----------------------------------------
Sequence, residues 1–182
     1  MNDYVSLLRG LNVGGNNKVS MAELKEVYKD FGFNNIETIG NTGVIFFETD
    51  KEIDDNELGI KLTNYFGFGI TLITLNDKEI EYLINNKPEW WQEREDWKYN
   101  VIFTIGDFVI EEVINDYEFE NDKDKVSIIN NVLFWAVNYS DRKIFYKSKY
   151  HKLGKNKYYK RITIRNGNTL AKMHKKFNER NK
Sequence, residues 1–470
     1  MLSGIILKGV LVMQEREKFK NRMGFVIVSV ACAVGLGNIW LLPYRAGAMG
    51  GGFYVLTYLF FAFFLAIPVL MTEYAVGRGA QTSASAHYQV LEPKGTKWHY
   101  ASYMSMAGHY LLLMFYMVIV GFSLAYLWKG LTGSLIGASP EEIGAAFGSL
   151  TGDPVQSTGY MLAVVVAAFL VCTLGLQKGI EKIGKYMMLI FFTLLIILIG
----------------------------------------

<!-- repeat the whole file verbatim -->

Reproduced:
Sequence, residues 1–182
     1  MNDYVSLLRG LNVGGNNKVS MAELKEVYKD FGFNNIETIG NTGVIFFETD
    51  KEIDDNELGI KLTNYFGFGI TLITLNDKEI EYLINNKPEW WQEREDWKYN
   101  VIFTIGDFVI EEVINDYEFE NDKDKVSIIN NVLFWAVNYS DRKIFYKSKY
   151  HKLGKNKYYK RITIRNGNTL AKMHKKFNER NK
Sequence, residues 1–470
     1  MLSGIILKGV LVMQEREKFK NRMGFVIVSV ACAVGLGNIW LLPYRAGAMG
    51  GGFYVLTYLF FAFFLAIPVL MTEYAVGRGA QTSASAHYQV LEPKGTKWHY
   101  ASYMSMAGHY LLLMFYMVIV GFSLAYLWKG LTGSLIGASP EEIGAAFGSL
   151  TGDPVQSTGY MLAVVVAAFL VCTLGLQKGI EKIGKYMMLI FFTLLIILIG